Minor in Business
The study of business is a liberal arts activity. The Business minor allows students to focus a course of study and co-curricular experiences on the different practices, skills, and issues involved in business careers. Despite the title, the minor should prove of interest to students who plan careers in both the profit and not-for-profit sectors. It consists of courses which emphasize skills in oral and written communication and quantitative analysis, courses in financial markets and accounting, a co-curricular practicum or case study, and a reflective paper that ties practical experience to the academic work of the minor and forms the basis of the minor portion of oral comprehensive exams. The Economics courses—Principles (Econ 101) and a course in finance (either Econ 262, 361, or 362) provide not only useful analytical models but also an introduction to the ways in which the important institutions of modern capitalism address human needs. The Philosophy course asks students to think more deeply about the role of commerce, markets, wealth, social and economic rights, and labor in society. The strongly recommended co-curricular and vocational experiences complement and reinforce the curricular component of the minor. The capstone essay requires students to reflect on how they will fulfill the goals of the Wabash College mission statement through their business endeavors.
The Business minor is administered by the Business Minor Committee. Upon declaring the minor at the end of their sophomore year, students will submit a plan of courses and co-curricular experiences along with a one-page rationale, which must be approved by the Business Minor Committee. At the end of each year, the committee will review all declared minors’ progress. Students interested in the minor should contact a member of the committee.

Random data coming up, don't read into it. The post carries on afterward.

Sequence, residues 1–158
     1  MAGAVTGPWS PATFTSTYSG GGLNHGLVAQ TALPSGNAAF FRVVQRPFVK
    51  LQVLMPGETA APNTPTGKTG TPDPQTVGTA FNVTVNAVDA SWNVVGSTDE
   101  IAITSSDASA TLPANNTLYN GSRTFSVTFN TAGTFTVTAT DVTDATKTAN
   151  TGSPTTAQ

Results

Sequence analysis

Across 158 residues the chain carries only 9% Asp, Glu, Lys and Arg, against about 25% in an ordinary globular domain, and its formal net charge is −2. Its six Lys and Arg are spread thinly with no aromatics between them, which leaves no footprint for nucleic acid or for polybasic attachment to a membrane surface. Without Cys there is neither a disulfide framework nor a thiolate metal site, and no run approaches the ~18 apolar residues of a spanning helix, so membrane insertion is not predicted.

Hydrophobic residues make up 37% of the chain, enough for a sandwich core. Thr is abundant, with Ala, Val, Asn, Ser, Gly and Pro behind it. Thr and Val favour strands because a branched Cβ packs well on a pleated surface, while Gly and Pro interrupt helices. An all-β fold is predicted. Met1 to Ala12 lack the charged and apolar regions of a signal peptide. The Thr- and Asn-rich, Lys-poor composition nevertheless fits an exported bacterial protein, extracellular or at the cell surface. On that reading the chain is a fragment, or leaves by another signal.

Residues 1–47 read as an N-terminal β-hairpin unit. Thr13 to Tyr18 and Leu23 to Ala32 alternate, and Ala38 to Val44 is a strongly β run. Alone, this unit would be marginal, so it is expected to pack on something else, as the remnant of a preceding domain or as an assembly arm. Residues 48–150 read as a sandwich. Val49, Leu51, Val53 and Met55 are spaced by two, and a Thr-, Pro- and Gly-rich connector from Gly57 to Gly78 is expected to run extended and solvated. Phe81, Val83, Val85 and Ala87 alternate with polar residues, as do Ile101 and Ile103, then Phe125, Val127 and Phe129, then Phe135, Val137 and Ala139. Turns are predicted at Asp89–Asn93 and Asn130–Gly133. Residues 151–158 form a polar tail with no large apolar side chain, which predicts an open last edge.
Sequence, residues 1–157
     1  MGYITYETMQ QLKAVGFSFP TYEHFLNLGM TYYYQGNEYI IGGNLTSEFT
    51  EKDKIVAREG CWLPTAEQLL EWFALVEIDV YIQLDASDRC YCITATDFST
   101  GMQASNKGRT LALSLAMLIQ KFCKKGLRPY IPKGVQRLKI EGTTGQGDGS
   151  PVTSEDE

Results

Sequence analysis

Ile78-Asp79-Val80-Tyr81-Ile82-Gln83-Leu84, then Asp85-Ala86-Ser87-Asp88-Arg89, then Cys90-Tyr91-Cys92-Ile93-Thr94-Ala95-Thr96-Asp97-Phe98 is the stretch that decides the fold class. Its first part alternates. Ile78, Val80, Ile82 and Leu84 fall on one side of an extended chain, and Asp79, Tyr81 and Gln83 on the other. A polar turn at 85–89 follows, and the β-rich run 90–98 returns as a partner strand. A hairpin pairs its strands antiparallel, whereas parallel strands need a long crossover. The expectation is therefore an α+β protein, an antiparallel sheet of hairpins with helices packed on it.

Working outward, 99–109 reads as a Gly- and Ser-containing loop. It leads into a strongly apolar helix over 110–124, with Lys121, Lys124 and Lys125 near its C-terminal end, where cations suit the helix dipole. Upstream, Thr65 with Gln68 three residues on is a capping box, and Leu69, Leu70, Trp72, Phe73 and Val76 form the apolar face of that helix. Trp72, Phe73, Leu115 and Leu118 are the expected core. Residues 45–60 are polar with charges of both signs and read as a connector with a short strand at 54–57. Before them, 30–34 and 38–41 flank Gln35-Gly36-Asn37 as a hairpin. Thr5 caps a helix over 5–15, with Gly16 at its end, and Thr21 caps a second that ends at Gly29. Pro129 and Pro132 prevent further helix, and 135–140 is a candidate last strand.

Current members of the committee are: Professors Frank Howland, Jill Lamberton, Peter Mikek, and Adriel Trott.
Requirements for the minor include 7.5 course credits and a capstone paper. A co-curricular experience is strongly recommended. Details are given below.
Requirements for the Minor
Students are required to take the following 7.5 credits:
- ECO 101
- RHE 101
- ENG 411 or ENG 410
- ACC 201
- ACC 202 or ACC 301
- ECO 251 (1/2)
- ECO 262 or ECO 361 or ECO 362
- PHI 218 — Philosophy of Commerce
- BUS 400 (Senior Capstone Project, non-credit bearing)
Additional courses may be added to the list of available courses with the approval of the Business Minor Committee, and the committee may approve substitute courses on a case-by-case basis. Note that ECO 262 does not count toward the Economics major.
In the fall of their senior year, students will enroll in BUS 400. At the beginning of that semester, students will meet with the instructors of BUS 400 to agree on a subject for the reflective essay. Business minors are required in that essay to think critically about how their curricular, co-curricular, and vocational experiences inform their understanding of the role of business in society and how these will help them to live humanely and act responsibly. In the unlikely event that the student has had no relevant co-curricular or vocational experiences, the Business Minor committee will assign to the student an appropriate case study upon which to base his essay. This essay will be read by two members of the Business Minor Committee. The course plan and the reflective essay will form the basis for the oral comprehensive exam.
Suggested Co-curricular experience
Students will be strongly encouraged to participate in one or more of these significant co-curricular experiences: LABB (Liberal Arts Bridge to Business), the Marketing, Finance, and Health Care Immersion programs, or at least one 8-week internship, or a comparable experiential learning activity. Students also will be strongly encouraged to participate in other co-curricular experiences, such as the New York Fall Break and the San Francisco Comps Week trips, and to attend talks given by alumni.